Like a circle in a spiral
Like a wheel within a wheel
Never ending or beginning
On an ever-spinning reel...
Yep, it's Pi Day today. Go forth, eat pie, be merry.
We kick off the celebrations with pretty much the greatest π song ever, a staple of Pi Day posts for many years to come. Also check out the hilarious Keith Schofield-directed music video, which is where I first heard the song.
From the same album as Pi and available on CD Baby, this distant relative of the Weird Al polka is both a funny and brilliant bluegrass medley of Radiohead songs.
This piece of π art is by the wholly remarkable Daniel Tammet, a high-functioning autistic savant who once set the European record in 2004 for reciting digits of pi from memory: 22,514 digits in just over 5 hours in a charity event. The subject of an engrossing British TV documentary called Brainman (highly recommended), Tammet can speak 11 languages including Icelandic, which he was challenged to learn in one week as part of the program. One of the more curious aspects of his abilities is that he sees numbers in his head as colours, shapes, and textures. When answering mind-boggling math equations or reciting pi, he isn't exactly calculating... but rather the answers just appear as visual landscapes in his head. The picture above is how he sees pi. This is where Keanu would say "Whoa."
Unbelievably, the unofficial world record for reciting pi digits is 100,000 recited over 16.5 hours in Tokyo by a retired Japanese engineer, Akira Haraguchi.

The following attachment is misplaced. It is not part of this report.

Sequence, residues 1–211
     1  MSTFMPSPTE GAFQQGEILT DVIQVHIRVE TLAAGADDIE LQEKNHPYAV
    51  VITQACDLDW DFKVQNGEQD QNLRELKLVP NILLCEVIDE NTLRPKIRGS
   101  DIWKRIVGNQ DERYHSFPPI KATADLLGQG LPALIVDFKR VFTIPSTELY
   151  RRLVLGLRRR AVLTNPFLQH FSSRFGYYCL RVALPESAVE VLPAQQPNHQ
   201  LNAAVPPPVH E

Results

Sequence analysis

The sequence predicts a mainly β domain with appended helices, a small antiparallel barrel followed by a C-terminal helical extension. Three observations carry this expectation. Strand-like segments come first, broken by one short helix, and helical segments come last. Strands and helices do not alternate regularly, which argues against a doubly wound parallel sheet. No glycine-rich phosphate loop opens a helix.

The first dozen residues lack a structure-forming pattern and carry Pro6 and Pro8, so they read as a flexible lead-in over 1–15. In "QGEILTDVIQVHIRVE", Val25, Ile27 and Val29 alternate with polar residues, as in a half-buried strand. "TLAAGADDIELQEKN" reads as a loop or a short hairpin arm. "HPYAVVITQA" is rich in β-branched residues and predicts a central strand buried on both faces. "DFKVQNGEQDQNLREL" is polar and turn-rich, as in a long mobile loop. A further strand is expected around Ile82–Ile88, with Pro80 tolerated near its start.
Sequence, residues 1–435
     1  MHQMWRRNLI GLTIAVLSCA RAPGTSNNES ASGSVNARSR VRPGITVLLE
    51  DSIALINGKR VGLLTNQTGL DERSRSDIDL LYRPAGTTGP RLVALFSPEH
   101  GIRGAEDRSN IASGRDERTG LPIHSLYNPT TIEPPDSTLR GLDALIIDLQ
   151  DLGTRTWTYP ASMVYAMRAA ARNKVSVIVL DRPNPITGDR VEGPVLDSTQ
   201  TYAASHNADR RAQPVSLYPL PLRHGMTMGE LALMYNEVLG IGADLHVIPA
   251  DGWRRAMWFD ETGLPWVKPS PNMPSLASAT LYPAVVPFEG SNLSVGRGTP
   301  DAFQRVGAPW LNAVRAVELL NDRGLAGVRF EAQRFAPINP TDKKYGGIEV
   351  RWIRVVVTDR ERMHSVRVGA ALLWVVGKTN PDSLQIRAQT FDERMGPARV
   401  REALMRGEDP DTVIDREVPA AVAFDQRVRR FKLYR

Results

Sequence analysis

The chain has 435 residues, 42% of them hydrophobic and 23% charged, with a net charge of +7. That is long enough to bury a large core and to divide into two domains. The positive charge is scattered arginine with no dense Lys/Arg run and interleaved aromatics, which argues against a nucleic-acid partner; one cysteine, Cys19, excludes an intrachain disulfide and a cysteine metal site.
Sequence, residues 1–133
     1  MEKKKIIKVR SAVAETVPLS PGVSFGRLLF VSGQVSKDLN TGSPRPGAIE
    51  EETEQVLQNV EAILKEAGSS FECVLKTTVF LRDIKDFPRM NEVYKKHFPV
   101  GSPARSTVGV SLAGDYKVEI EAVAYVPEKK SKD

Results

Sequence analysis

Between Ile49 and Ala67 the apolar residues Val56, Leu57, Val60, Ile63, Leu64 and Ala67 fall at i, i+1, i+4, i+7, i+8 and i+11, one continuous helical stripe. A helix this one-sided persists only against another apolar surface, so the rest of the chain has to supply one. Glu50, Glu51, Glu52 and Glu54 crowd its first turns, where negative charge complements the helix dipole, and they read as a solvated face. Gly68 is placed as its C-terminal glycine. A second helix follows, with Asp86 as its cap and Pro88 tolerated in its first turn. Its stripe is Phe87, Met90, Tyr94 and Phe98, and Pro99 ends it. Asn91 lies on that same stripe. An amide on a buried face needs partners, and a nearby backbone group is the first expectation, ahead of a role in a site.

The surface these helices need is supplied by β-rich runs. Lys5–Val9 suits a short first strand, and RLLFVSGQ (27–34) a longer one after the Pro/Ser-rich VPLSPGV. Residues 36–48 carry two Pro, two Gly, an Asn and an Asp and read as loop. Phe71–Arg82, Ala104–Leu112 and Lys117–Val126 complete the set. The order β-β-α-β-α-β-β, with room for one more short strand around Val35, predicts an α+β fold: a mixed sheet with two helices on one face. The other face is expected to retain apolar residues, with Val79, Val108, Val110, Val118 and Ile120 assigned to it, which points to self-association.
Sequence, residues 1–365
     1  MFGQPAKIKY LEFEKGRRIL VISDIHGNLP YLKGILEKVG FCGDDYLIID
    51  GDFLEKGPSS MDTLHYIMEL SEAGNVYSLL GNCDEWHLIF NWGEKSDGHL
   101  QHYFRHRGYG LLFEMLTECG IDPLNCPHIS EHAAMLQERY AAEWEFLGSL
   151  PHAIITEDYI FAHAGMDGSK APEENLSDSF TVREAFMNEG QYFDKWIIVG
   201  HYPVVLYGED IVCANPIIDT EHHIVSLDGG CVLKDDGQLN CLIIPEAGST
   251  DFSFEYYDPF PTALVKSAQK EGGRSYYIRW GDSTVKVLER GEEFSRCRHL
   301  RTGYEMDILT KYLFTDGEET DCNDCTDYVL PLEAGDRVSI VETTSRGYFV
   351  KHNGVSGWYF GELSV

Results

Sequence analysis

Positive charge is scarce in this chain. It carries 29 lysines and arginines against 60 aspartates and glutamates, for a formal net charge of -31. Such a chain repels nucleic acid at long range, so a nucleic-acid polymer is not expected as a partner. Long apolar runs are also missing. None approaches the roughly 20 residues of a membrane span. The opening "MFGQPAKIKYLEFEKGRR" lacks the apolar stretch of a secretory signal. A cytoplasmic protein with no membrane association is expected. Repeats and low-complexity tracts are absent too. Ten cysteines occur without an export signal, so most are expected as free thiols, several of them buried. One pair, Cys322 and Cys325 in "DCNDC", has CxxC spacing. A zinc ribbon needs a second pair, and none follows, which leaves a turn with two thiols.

In lieu of re-posting the same π songs every year-- with the exception of Hard 'n Phirm's Pi which WILL be posted every year-- I started thinking about how to incorporate some covers into the mix. And the circular imagery of the Oscar-winning Windmills of Your Mind is a perfect fit. The song was written by Alan Bergman, Marilyn Bergman, and Michel Legrand for the 1968 Norman Jewison film The Thomas Crown Affair with Steve McQueen and Faye Dunaway. Originally performed by Noel Harrison, when the movie was remade in 1999 with Pierce Brosnan and Rene Russo in the leads, the song was also covered for the new soundtrack by Sting.
Arguably the most well-known version of the song.
Awesome jazz-funk instrumental cover by jazz harpist Dorothy Ashby.
An excellent track from her 2007 cover album Songs of Love and Loss.
Oh yeah, free swag blah blah blah here. Winners will be picked on Sunday.